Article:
“They buy gas, bait, stay in hotel rooms, take meals, hire guide services. They bring in a lot of dollars. We’ve had some tell us they caught bigger fish than ever in their lives.”

Rob Olson, managing director of the Manitoba Wildlife Federation, said his members also haven’t seen a decline in pickerel populations, but they are aware biologists have been warning for years about a collapse in the numbers.

“Our members worry about it,” Olson said. “There’s real concern with sports fishing. Most of us aren’t scientists so when scientists tell us about a pending disaster, we take note.”

Olson said there are now more sport fishers on Lake Winnipeg — especially ice fishing — than when he was a child more than three decades ago.

“It used to be rare to see ice fishers, but last March, when we were out I counted 500 vehicles. It was like a town out there on the lake. And half of the licence plates were from Minnesota and Wisconsin.”

Olson said sport fishers from Minnesota tell him “Lake Winnipeg has the best ice fishing in North America and is likely the hottest walleye destination on the continent now.”

“It would be a massive economic impact if they shut down that lake,” he said.

Dave Bergunder of the Freshwater Fish Marketing Corporation, the entity that buys and sells all commercially fished fish on the lake, admitted the numbers do “cycle up and down.”

“If we had more fish we’d like to get it, but you always want to be at a sustainable level… everybody wants a renewable resource which is around for our children and grandchildren.”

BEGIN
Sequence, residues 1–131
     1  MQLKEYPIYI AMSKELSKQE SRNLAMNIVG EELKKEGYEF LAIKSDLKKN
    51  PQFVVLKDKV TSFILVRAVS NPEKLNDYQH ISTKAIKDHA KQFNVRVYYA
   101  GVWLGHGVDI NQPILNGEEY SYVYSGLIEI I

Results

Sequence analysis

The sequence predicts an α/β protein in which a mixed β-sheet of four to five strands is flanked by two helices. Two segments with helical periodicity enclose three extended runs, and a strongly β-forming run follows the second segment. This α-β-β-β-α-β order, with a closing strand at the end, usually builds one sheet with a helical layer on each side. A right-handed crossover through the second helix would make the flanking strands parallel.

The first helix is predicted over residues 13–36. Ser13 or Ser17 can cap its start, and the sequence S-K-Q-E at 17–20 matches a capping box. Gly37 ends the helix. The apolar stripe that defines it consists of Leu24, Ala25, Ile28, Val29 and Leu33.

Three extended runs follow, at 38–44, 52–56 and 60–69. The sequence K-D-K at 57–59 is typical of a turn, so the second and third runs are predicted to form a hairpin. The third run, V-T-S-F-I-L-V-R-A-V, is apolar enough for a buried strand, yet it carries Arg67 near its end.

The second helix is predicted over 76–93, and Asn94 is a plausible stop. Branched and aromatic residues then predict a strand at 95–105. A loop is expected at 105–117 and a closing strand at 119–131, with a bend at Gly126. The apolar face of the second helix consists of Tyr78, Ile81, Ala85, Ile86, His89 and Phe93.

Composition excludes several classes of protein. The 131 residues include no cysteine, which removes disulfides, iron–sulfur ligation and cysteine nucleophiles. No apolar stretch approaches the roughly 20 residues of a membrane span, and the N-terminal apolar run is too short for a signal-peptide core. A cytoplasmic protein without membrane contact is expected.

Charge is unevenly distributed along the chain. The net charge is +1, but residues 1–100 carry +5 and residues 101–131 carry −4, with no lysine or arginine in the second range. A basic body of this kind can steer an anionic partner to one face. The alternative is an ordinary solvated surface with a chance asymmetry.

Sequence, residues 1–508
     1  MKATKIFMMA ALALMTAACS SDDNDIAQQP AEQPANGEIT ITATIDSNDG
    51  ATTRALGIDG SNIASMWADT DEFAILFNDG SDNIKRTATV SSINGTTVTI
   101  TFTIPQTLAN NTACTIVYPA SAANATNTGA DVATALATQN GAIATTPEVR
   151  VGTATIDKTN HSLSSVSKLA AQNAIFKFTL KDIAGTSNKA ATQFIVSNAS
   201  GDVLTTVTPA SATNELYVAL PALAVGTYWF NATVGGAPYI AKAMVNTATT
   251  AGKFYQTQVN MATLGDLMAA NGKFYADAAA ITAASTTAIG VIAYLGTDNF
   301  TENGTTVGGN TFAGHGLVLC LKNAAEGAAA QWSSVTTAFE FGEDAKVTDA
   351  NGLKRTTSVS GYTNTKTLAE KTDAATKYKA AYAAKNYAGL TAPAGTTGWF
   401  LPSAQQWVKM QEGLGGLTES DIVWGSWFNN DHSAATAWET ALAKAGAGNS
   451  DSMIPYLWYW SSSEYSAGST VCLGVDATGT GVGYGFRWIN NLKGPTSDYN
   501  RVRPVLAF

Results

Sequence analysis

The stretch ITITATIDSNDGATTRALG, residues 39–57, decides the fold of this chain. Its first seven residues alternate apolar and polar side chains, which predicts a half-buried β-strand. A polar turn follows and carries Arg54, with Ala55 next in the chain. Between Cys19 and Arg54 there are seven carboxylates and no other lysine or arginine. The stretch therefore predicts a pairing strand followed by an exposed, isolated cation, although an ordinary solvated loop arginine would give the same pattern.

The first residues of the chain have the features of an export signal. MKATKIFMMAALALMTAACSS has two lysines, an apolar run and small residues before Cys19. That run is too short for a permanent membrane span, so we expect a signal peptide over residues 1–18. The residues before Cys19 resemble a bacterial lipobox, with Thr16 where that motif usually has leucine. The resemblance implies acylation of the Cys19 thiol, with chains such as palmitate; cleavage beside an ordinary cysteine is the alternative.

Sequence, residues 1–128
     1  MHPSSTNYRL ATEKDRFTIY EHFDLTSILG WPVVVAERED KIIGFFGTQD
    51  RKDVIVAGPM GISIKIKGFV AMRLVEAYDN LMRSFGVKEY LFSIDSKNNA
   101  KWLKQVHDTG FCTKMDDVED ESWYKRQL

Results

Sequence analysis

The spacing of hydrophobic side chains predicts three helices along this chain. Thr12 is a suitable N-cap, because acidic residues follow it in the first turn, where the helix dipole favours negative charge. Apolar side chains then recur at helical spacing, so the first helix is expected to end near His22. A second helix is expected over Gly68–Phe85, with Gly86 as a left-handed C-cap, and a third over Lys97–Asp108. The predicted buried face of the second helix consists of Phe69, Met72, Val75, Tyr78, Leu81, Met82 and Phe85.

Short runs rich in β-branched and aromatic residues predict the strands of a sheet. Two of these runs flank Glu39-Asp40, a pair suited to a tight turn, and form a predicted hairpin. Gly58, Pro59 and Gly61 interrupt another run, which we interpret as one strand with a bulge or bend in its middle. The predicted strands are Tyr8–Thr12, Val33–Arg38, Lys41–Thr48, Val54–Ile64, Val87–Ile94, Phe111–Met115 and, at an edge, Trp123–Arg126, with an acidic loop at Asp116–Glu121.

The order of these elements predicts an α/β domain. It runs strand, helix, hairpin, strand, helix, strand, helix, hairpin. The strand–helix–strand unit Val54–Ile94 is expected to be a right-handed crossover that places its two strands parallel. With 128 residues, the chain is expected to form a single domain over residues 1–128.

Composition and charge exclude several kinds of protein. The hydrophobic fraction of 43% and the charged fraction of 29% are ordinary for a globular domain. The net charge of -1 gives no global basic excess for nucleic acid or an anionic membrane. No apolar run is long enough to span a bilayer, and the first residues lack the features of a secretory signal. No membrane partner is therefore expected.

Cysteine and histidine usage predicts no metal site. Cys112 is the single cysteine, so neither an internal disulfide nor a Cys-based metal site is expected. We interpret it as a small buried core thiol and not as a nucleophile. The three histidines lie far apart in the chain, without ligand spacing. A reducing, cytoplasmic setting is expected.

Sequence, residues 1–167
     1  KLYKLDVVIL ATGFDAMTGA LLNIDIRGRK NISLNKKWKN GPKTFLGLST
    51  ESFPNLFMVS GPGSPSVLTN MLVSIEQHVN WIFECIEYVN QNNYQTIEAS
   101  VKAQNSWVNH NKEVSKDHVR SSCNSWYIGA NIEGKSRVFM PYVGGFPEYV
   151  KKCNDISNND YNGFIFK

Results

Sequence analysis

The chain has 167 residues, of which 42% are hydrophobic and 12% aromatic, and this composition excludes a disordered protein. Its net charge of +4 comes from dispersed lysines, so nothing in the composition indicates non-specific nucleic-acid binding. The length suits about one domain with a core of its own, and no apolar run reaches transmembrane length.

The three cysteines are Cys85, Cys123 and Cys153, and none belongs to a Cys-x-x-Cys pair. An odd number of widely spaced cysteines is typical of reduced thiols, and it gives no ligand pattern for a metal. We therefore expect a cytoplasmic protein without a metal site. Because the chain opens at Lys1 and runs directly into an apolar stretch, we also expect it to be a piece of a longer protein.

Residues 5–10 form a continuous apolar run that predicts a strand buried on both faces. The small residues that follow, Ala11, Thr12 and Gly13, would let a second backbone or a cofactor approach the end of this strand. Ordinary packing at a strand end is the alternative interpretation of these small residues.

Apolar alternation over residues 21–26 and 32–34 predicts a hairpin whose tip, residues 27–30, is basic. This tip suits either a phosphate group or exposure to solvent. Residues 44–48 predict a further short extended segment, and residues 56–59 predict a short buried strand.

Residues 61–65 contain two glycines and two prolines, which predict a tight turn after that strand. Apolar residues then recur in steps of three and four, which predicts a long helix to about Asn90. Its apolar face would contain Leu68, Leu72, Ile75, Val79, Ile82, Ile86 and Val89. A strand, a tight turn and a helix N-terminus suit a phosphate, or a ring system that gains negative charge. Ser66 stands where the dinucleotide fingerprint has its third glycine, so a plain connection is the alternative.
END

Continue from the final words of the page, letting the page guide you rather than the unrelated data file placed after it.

Bergunder said even though Minnesota — in an unprecedented move — made it illegal to fish for walleye in Mille Lacs Lake due to the annual quota being exceeded, it hasn’t led to increased sales for his company.

“It’s more of a sports-fishing sport down in Minnesota,” he said, noting those aren’t the fish that end up on plates in restaurants.

“Most of our commercially sold fish are sold in Minnesota. The Midwest U.S. is our biggest volume market.”

 

kevin.rollason@freepress.mb.ca

Kevin Rollason

Kevin Rollason
Reporter

Kevin Rollason is one of the more versatile reporters at the Winnipeg Free Press. Whether it is covering city hall, the law courts, or general reporting, Rollason can be counted on to not only answer the 5 Ws — Who, What, When, Where and Why — but to do it in an interesting and accessible way for readers.

History

Updated on Thursday, August 20, 2015 6:55 AM CDT: Replaces photo